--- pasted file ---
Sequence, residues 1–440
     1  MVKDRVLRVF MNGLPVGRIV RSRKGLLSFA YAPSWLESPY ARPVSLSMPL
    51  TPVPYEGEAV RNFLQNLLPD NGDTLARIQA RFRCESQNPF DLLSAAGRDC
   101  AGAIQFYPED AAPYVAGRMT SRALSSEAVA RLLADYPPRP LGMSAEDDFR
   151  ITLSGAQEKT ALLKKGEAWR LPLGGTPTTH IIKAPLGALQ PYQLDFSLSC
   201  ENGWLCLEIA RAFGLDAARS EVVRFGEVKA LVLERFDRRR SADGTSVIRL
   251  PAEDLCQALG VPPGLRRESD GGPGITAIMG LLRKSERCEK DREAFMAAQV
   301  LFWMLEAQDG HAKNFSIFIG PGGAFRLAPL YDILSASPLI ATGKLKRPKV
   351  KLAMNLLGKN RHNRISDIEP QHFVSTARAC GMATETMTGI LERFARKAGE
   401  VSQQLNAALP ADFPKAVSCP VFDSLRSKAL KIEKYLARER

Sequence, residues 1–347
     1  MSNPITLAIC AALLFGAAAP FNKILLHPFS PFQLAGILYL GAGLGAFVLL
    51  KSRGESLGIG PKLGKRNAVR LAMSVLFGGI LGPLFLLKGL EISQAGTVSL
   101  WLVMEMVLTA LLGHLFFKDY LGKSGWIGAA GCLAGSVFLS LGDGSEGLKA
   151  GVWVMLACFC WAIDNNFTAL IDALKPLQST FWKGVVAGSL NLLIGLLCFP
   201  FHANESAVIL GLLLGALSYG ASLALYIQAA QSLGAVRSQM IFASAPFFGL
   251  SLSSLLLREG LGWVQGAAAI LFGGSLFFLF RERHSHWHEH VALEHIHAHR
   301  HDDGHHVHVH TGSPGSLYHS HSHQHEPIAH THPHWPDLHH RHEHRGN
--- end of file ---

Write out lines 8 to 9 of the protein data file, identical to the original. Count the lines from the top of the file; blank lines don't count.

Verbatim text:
   301  LFWMLEAQDG HAKNFSIFIG PGGAFRLAPL YDILSASPLI ATGKLKRPKV
   351  KLAMNLLGKN RHNRISDIEP QHFVSTARAC GMATETMTGI LERFARKAGE